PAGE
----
Pleasantly surprised this evening when the masking tape was removed on these two resprays to CIE Black'n'Tan Bredin(ish) from from Hornby Stanier BR Blood'n'Custard livery. This learning odyssey is addictive. :) Next will very lightly weather, mainly roofs and under frames as in the 60s coach sides were pretty clean, then a coat of matt varnish. The seating needs recolouring as well and a few seated pax installed.

 

IMG_1584.jpg

 

IMG_1583.jpg

 

IMG_1585.jpg

 

That will be three Bredin(ish) laminates to add to mixed B&T rakes on the layout.

Edited by Noel

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Looking mega Noel, so while your at it, any ideas as to what other BR / LMS coaches would be suitable for a lick of paint, for me, always keeping the 2 FOOT RULE in mind...

Paul

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At this rate Noel you'll be setting up your own re - spray & weathering service!! ;)

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Posted (edited)
. . . while your at it, any ideas as to what other BR / LMS coaches would be suitable for a lick of paint, for me, always keeping the 2 FOOT RULE in mind...

Paul

 

Hi Paul, I don't know, will look in the attic later, we would have to ask the 'Oracle' JB if something like this would pass muster as a repaint candidate. It's a much finer model than the Hornby toys I have used so far.

39-470-LN_3249596_Qty1_1.jpg

 

Or, I have some of these in GWR livery, but not sure either look like any of the stuff CIE ever ran

34-051A_32963_Qty1_3.jpg

 

At this rate Noel you'll be setting up your own re - spray & weathering service!! ;)

 

Cheers, but I think not :) I'll stick to playing with my model trains.

Edited by Noel
Ommision

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Hi Paul, I don't know, will look in the attic later, we would have to ask the 'Oracle' JB if something like this would pass muster as a repaint candidate. It's a much finer model than the Hornby toys I have used so far.

39-470-LN_3249596_Qty1_1.jpg

 

 

Cheers, but I think not :) I'll stick to playing with my model trains.

 

Noel, I agree 100% of course, we would need to seek the knowledge of JB, but just think of the possiblities of the outcome ! A few photos of these coaches would be a great help. I have wagons that apart from colour, & which a coat or two of a similar paint, would, to me using the 2 FOOT RULE, not look out of place alongside / behind a B&T 141 !

Paul

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Posted (edited)

An actual GWR design was unlike anything Irish, so wouldn't do. The above looks like a brown and cream Mk 1, rather than an actual GWR coach.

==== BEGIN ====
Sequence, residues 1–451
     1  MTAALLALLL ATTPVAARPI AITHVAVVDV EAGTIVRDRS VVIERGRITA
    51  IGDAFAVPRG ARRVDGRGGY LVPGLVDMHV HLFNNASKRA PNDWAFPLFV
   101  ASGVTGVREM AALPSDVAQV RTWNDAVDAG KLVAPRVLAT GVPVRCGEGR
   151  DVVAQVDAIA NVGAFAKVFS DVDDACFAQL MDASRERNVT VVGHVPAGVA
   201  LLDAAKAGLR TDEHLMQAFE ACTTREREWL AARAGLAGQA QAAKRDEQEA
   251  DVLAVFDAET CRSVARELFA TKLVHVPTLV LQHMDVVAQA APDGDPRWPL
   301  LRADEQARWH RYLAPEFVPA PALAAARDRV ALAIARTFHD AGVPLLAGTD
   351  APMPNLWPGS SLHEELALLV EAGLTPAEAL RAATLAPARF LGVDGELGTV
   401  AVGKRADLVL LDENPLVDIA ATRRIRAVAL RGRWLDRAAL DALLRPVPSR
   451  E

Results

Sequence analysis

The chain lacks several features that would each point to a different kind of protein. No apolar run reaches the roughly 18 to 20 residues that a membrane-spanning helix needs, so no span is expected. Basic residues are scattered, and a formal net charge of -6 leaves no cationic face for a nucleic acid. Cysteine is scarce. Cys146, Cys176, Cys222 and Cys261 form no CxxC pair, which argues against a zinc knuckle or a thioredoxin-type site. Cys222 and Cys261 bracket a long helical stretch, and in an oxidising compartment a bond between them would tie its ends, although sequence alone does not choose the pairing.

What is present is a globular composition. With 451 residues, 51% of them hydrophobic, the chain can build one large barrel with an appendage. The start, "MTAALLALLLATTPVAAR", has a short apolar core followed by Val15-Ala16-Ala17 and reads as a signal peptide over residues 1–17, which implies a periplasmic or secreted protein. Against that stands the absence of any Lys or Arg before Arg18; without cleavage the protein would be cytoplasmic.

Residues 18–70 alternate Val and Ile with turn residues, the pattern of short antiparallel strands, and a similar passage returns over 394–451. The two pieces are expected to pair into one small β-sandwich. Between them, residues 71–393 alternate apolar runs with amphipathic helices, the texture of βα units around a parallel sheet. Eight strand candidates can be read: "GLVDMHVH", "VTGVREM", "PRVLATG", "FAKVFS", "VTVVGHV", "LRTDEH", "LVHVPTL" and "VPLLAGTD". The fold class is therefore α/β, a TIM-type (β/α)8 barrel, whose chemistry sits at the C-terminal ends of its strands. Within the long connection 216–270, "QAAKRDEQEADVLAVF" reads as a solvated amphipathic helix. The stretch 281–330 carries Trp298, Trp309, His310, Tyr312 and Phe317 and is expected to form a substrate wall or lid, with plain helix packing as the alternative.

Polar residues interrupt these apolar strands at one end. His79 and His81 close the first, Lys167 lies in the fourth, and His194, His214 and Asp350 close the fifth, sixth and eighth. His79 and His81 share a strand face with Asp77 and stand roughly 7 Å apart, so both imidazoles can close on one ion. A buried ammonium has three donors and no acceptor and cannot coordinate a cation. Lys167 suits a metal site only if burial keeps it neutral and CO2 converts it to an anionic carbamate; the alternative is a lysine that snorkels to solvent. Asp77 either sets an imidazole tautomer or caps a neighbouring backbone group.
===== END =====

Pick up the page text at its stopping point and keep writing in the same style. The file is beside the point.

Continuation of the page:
Mk 1's are really only suitable for genny vans. The outline is not only unlike anything Irish, but because British Railways Mk 1s are so commonly "out there" and obviously associated with Britain, they are an onbious "botch job" and don't fit in - in my humble opinion - with Ireland.

 

If you WERE stuck and just wanted to paint one in CIE livery, I would retain the loo window vents but fill in the windows - at least.

 

Now, the LMS style would much better suit both final NCC days / early UTA coaches, or GSR "Bredins" or 1950/1 CIE stock which was more or less "later Bredins".

 

The circular window would have to go.

 

Brake passenger coaches were more common in Britain than here, and there were no Bredin stock with half passenger accommodation and half van, and few steel-sided examples of the species until late 1960s conversions of earlier stock (for example the 32XX series CIE brake standards). Thus, I would use all-passenger stock for conversion to "roughly-CIE-looking" stuff.

 

In place of the circular window, one might add a toplight vent like in the loos on laminate stock. Not an accurate representation of anything, of course, but a simple conversion that would fit in as well as anything not strictly correct.

Edited by jhb171achill

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Many thanks JB, & I've just been looking back on the tread, Irish Carraiges, & in it Kirley if this parish brings forward a table of info on Irish Coaches, & from what I can understand, & that's saying nothing, it would seem as far as logos, snails, numbers paint shades were concerned, the rules just did not seem to apply !!!!! Of course I could be wrong !!